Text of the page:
Almost half of federal spending goes to Medicare and Social Security. Now add billions of dollars in unfunded federal, state and local liabilities and the price for the future has become insurmountable. You certainly can’t tax us for the money; we do not earn enough or are not paid enough. So the government resorted to stealing Peter to pay Paul, printing money to pay off the debt, and preventing Millennials from affording what their parents did. And one way or another, a lot of my college graduate peers seem to think the debt ceiling can keep going up forever.
We have been deprived of our ability to save, to work only one job that does not require us to risk our money on coins and stocks, and some of my peers no longer even see the possibility of having a family because it’s just not affordable. How sad for our ancient nation.
One thing we desperately need and that is open access to an asset that is appreciating in value and not being manipulated by insiders out of reach. But as Tucker Carlson pointed out on a recent show, after being orange-pounded by Michael Saylor, young people have been excluded from the traditional systems of wealth creation in our economy.
When governments put in place multi-trillion dollar spending programs, the money has to come from somewhere (although some politicians around the world today take no responsibility for explaining how to pay for their programs. as evidenced here).
Here in the United States, our government has shown that no matter what color is in power, it will look to inflation to finance debt with more debt and keep making promises of free meals with no opportunity costs.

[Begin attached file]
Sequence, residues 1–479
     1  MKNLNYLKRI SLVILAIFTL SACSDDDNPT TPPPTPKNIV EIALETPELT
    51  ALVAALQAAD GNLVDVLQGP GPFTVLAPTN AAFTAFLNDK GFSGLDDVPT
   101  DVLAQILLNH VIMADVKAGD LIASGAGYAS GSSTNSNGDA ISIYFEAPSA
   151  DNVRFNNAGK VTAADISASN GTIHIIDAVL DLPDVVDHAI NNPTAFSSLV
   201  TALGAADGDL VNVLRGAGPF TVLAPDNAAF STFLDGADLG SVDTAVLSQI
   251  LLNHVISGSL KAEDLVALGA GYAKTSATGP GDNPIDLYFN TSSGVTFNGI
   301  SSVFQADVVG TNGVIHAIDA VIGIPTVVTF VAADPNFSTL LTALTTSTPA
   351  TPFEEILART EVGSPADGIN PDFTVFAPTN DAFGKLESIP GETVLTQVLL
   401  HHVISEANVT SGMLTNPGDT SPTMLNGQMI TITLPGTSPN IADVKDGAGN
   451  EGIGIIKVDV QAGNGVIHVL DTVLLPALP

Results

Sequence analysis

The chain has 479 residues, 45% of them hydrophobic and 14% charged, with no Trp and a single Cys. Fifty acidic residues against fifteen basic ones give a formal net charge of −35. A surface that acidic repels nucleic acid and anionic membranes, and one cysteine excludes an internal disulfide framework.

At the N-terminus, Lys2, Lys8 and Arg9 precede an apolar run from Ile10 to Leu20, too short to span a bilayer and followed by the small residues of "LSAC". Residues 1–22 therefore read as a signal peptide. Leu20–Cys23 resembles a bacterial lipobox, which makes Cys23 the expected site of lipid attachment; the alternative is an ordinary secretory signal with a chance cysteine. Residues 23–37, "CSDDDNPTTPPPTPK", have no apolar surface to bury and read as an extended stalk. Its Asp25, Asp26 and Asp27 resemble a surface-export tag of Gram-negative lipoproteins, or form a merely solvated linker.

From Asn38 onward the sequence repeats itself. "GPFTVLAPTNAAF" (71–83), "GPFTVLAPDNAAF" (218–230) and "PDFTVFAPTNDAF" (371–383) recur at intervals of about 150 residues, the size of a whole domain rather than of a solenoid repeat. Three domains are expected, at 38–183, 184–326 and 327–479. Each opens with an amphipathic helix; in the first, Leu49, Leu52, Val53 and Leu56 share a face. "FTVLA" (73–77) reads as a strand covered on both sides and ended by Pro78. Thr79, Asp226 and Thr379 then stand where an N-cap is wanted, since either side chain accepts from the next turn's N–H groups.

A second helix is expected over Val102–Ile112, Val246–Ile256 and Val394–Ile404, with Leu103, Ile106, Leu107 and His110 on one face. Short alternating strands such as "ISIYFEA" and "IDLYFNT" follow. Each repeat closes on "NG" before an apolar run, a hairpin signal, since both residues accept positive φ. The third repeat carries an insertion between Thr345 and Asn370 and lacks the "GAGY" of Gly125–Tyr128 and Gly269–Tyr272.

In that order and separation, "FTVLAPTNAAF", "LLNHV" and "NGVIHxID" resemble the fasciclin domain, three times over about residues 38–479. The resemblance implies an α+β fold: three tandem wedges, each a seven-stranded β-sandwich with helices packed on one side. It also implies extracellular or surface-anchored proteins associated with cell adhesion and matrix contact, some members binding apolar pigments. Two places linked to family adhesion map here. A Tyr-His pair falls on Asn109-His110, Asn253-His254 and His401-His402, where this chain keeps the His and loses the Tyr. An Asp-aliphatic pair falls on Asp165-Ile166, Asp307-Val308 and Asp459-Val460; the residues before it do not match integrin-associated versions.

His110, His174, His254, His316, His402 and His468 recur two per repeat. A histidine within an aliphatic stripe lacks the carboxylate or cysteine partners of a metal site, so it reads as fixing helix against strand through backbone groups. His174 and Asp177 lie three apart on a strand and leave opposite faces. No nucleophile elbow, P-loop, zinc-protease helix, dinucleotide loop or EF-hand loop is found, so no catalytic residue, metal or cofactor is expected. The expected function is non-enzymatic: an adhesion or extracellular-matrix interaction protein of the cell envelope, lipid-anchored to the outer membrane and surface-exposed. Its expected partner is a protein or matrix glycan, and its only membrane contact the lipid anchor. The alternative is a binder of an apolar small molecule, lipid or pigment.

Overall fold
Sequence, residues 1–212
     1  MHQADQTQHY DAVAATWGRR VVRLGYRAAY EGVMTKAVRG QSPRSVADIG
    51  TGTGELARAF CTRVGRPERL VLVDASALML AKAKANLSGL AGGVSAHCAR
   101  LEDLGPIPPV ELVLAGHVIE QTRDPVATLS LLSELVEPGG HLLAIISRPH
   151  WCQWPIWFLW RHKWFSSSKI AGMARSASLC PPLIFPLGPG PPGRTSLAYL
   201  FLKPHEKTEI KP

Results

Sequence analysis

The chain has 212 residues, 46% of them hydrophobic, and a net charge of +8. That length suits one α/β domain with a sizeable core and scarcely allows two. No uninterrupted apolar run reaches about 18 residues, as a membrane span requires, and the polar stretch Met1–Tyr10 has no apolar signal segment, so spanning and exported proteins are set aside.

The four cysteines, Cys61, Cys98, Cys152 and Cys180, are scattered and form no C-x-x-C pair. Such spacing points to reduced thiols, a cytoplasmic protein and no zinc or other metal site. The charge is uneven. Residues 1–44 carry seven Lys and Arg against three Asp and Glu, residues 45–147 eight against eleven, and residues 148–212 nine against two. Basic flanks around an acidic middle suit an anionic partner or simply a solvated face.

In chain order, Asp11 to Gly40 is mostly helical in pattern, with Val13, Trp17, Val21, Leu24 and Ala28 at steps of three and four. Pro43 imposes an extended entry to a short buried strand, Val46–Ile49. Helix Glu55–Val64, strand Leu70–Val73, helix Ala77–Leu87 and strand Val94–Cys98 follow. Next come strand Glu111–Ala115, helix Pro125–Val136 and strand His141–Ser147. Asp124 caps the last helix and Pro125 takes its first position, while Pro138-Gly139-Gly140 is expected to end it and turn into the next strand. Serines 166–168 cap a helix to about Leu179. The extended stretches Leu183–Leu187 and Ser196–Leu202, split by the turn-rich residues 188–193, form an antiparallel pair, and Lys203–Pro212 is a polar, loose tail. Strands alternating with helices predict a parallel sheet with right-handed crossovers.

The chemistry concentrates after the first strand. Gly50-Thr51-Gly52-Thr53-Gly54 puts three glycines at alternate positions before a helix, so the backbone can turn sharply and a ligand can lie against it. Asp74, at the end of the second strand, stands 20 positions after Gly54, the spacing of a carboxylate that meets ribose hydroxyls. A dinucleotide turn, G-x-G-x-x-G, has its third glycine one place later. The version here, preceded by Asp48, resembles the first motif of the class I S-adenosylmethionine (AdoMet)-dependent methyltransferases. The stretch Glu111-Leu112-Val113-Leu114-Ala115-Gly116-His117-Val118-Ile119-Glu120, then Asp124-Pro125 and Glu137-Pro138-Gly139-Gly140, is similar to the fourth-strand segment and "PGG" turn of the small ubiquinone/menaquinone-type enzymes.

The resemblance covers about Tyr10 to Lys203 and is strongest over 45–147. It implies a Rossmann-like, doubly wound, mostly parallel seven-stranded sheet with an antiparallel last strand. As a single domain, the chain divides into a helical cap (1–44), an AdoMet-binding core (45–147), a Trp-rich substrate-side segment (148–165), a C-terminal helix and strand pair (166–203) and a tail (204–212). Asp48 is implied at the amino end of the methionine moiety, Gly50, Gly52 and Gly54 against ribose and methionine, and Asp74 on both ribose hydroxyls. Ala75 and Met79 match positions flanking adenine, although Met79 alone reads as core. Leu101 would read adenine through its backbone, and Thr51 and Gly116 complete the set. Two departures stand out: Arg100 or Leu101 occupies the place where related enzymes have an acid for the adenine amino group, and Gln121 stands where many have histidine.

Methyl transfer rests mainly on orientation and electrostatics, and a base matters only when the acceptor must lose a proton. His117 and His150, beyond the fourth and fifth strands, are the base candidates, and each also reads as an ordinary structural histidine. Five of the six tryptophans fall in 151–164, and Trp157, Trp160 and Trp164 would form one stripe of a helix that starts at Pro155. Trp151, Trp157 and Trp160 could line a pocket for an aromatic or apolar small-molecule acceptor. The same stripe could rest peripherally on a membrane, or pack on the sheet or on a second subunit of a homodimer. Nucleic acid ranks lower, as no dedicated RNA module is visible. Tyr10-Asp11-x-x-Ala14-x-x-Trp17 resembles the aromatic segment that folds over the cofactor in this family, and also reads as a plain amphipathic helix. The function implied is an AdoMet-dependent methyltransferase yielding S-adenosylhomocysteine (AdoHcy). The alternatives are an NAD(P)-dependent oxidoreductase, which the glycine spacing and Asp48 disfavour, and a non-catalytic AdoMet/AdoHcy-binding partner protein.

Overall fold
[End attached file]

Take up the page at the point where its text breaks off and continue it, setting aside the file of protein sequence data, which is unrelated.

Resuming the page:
Yet from all of this arises a brilliant orange light of hope.
The future is being picked up by resilient and expressive millennials and it’s being picked up by Bitcoin. We learn economic theory, not just swallow the Keynesian pill that every university gives out. We engage in the political process by holding leaders accountable for the accumulation of debt and fighting to elect pro-Bitcoin candidates. In 2022 and beyond, we cannot bear to experience another economic crisis without a liferaft.
We are ushering in a brighter future filled with hope through money technology.
Bitcoin is the free market expression of all of the American ideologies we grew up with: freedom, individualism, and purity. It allowed us to rethink the future without worrying too much about how we’re going to pay for it.
Millennials who took their $ 1,200 stimulus check and invested it instead of spending it on Amazon now have over $ 10,000 because they took a risk in something that a large chunk of Americans still consider it a Ponzi scheme. Some of them have turned a few thousand into deep six digits over the past few years. It is the epitome of free markets.
Bitcoin is such a pure example of American ideology that the Chinese banned it. And now that we have it, Millennials can take the orange pill from their parents, grandparents and children to project our technological freedom around the world.
Through absolute digital scarcity and decentralization, Bitcoin offers young people not only a savings technology, but also a way to understand and engage in the economic system as a whole, and the ability to help bridge the gap. the yawning wealth gap created by fiat debt.
This is our chance to fix not only money, but everything money touches, from education and housing costs that have skyrocketed due to moral hazards like government guaranteed loans, to to our disaster fiduciary food system.
Even Millennials who can’t agree on other things, from awakening to conservatism, will all come to the conclusion that Bitcoin is virtuous, goal-oriented, and extremely necessary.
Software is not political, it is not capable of manipulation or fraud. It’s like that. It’s math. It’s authentic, and if there’s one word Millennials care about more than anything in their culture, it’s authenticity.
Bitcoin is the only thing that can save us from the debt we have inherited, so that we can build a new world order on the basis of freedom, value and security.
This is a guest article by Natalie Brunell. The opinions expressed are entirely their own and do not necessarily reflect those of BTC, Inc. or Bitcoin Magazine.